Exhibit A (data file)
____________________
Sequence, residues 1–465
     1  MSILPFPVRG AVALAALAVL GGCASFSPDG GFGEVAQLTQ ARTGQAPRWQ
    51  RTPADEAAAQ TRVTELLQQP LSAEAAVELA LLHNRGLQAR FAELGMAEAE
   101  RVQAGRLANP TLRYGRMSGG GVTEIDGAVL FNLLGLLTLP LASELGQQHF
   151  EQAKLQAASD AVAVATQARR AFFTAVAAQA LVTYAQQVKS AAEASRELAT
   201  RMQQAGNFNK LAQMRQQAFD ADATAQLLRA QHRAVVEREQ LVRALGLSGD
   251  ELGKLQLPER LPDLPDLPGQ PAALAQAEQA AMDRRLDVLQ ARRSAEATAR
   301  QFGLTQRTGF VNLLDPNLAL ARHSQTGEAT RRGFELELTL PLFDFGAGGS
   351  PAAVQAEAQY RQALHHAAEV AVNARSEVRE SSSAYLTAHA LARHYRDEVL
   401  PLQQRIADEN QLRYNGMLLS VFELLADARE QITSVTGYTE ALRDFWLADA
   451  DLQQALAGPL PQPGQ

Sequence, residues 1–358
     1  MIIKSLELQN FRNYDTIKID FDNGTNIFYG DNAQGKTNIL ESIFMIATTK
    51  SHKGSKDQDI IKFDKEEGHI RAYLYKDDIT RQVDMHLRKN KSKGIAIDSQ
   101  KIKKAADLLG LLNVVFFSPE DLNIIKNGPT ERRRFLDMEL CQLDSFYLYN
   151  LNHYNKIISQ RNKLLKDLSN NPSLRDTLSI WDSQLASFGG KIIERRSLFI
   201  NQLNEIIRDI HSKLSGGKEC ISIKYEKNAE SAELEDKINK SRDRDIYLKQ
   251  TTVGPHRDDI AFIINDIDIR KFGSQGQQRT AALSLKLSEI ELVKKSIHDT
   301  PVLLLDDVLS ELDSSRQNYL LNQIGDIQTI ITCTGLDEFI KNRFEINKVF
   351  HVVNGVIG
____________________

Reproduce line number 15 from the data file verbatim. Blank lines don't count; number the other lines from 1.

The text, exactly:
   101  KIKKAADLLG LLNVVFFSPE DLNIIKNGPT ERRRFLDMEL CQLDSFYLYN